There was a quick ceremony and then the race got started. I started off at a nice, quick pace of about 10:00/mi. I had to tell myself to slow down a bit and not push off too hard in the beginning. Running with a 46.1-pound rucksack can be quite tiring after a while!

I took one GU Gel every 45 minutes and three Hammer Endurolyte pills every hour. By afternoon, the sun was up and it was quite warm - beautiful running weather. The scenery was gorgeous. The mountains just beyond the base were impressive to view. The course even took us up the side of one of those suckers. I didn't do a whole lot of hill training prior to the race, and so going up the mountain was a struggle. But, I had practiced power walking with the pack and that's pretty much how I got through that portion of the race.

I hit a low at two points during the race: at mile 8 (when we started ascending the mountain) and at mile 20. It was particularly challenging to run through the loose gravel and sand.

A side note: I used Drymax Trail Running socks for the first time and they were AMAZING! Not a single blister or hot spot. I will definitely be using these socks again for my next race.

I did regret not buying a pair of gaiters. Pebbles were getting into my shoes during the sandier portions of the course. I just kept running because I felt stopping to clean my shoes out would take too long. It was uncomfortable for a bit, but after a while, I ceased to notice. Nonetheless, a pair of gaiters would be beneficial to me, I think.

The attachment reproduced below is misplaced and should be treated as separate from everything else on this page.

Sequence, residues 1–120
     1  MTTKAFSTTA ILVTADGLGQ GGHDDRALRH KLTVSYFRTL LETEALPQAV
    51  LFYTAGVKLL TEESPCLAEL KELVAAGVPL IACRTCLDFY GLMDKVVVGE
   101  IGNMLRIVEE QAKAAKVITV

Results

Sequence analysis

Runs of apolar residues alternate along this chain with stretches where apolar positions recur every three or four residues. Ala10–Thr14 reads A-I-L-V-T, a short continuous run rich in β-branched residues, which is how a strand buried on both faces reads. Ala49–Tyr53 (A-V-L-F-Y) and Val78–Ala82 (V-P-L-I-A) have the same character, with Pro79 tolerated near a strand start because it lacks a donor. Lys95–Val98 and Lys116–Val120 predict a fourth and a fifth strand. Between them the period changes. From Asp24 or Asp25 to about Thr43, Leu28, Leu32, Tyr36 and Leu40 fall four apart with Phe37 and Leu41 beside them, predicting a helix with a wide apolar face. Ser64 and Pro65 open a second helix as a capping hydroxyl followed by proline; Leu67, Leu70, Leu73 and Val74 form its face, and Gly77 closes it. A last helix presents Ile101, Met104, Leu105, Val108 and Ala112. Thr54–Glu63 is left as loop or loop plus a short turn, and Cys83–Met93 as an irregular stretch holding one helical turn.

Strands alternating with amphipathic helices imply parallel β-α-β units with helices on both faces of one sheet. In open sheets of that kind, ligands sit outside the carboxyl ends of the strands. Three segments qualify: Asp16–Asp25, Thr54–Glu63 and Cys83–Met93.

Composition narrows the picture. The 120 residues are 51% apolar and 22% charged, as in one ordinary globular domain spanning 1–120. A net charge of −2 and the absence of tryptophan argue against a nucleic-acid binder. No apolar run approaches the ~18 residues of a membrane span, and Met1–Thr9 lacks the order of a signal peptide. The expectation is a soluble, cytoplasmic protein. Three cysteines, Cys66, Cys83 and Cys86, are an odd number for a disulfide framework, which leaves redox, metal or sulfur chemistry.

I started cramping up a little in my calves at about the 20 mile mark. But, I popped some Endurolytes and I felt fine after that. All things considered, it was a great race. I had a lot of fun, and I would definitely do it again next year. Maybe with less weight to get a more competitive time. In the end I came in 14th civilian male, 5th in my age group with a 5:27:45 marathon time, or an average pace of 12:31/mile. Not too bad. Here is a link to the official results. Looking forward to doing this race next year - this time with less weight in my pack, more hill training, and of course some cool gaiters!

Note: My friend RB Nichols, ran the honorary march (15 miles long) and placed 2nd overall!

Sunday, March 14, 2010

Losing Weight - Part 2